Today, Merrion Square Park and St. Steven’s Green are both public parks; however, I was surprised to learn that for most of Dublin’s history, these places were private and could only be accessed by the those who owned houses adjacent to the parks. St. Steven’s Green did not become open to the public until 1880 and Merrion Square Park was only accessible to residents with a private key until the 1960’s. The upscale houses surrounding these parks were occupied exclusively by the wealthy and thus, these places embodied a luxury that was only afforded to the upper classes.
Over these years, the parks have undergone a transformation and now honor the fallen heroes of Ireland’s past. The statue of Oscar Wilde in Merrion Square next to Wilde’s home pays tribute to the brilliant writer whose career was tragically cut short due to his sexuality. In St. Steven’s Green, the famine memorial commemorates the thousands of poor Irish who died in the Great Famine of 1845-1849. These once exclusive spaces have become memorials to those who have historically stood at the margins of society.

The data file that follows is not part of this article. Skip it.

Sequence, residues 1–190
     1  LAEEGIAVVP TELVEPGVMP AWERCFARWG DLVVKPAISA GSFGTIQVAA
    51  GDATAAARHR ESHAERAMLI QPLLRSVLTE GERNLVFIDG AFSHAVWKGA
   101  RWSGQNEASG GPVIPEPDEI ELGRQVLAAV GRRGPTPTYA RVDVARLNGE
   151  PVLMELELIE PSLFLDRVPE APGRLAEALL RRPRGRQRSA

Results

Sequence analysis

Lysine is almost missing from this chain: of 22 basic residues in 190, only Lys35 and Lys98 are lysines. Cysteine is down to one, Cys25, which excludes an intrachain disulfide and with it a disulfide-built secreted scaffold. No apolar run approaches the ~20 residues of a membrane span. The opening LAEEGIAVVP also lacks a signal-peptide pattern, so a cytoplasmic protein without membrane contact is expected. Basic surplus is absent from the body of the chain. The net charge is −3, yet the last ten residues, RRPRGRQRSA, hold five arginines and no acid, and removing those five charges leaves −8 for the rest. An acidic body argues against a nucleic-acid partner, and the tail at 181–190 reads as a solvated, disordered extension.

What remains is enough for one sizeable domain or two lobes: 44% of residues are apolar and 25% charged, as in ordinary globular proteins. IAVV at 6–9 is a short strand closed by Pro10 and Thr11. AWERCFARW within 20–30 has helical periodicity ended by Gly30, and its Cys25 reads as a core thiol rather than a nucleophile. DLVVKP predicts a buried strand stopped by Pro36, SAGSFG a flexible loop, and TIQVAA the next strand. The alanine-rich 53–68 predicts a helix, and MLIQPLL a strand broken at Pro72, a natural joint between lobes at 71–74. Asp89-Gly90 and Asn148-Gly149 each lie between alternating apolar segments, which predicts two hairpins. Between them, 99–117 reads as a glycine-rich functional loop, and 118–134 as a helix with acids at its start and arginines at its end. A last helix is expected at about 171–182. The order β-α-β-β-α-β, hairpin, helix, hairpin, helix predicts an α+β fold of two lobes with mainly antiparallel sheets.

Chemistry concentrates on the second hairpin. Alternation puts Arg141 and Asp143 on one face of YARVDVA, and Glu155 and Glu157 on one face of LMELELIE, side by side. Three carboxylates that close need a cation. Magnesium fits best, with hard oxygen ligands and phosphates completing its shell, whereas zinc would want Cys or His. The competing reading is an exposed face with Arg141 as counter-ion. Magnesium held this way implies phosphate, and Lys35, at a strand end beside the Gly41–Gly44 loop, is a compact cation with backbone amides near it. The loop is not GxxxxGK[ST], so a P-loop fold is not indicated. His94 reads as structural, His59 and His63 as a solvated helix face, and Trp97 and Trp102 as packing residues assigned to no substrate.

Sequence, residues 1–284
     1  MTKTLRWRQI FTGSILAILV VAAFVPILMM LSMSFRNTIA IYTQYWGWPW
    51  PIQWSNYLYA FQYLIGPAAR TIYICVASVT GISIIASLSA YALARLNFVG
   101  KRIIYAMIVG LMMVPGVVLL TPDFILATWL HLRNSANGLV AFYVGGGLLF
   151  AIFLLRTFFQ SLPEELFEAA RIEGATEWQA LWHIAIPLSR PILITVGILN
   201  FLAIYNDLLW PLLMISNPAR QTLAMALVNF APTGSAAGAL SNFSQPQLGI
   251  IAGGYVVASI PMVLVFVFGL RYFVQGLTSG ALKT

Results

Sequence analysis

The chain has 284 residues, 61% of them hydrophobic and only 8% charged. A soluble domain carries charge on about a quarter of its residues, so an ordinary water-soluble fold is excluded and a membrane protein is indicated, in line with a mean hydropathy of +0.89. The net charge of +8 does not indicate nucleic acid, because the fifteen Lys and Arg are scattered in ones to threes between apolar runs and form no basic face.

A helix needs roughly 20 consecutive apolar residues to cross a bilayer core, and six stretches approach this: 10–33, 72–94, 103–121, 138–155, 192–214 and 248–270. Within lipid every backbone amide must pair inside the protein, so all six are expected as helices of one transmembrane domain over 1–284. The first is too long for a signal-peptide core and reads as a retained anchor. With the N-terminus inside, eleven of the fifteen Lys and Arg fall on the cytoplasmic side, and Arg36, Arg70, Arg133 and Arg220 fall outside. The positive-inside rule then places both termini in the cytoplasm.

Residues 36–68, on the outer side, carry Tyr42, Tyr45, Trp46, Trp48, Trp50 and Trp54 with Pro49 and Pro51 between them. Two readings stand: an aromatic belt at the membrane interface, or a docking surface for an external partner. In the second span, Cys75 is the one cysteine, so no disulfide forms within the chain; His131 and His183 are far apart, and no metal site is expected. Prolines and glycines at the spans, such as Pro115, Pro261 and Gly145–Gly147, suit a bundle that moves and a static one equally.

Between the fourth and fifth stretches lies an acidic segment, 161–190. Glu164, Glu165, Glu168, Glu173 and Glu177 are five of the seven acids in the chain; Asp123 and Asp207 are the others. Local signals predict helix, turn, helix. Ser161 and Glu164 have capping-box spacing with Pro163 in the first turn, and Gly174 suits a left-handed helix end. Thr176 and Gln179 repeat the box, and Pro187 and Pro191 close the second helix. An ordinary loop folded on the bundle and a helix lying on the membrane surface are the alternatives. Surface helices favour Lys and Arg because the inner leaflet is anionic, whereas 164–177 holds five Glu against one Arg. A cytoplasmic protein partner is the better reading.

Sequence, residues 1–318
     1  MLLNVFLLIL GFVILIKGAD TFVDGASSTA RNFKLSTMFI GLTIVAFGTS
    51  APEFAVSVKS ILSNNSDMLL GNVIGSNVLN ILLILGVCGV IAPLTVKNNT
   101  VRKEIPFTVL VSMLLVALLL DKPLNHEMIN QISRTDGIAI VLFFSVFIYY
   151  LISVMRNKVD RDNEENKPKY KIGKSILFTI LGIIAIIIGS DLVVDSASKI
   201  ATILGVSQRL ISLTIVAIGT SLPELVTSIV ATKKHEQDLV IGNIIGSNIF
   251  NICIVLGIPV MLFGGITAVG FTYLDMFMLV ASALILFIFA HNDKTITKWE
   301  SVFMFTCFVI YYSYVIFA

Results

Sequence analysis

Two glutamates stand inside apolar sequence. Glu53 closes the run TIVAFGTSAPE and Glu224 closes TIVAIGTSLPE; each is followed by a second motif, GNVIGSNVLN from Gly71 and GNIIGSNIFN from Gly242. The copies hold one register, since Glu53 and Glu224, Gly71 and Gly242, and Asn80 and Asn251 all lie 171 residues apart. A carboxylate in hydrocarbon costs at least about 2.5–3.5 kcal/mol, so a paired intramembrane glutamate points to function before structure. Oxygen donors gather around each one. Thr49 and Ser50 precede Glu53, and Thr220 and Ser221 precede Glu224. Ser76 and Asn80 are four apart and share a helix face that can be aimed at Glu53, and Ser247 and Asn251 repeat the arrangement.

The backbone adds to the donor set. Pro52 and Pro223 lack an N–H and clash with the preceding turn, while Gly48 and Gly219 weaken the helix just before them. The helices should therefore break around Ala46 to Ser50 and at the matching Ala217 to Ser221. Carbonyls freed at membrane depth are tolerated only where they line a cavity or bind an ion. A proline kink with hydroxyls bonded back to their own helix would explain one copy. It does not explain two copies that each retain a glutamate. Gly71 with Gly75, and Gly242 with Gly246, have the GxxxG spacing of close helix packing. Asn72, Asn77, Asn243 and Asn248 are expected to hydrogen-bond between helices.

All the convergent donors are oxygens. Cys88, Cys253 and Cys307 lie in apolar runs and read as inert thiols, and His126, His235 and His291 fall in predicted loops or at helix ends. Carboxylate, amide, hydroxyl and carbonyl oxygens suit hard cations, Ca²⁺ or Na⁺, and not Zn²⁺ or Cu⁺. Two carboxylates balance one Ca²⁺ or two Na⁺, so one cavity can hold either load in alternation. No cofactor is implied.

St. Steven’s Green also features a statue of Theobald Wolfe Tone, who—as Kilfeather recounts—led the United Irishmen in their struggle against British rule until he was eventually captured and committed suicide in prison in 1798. This stark monument reminds viewers of Ireland’s political history, in addition to its social history.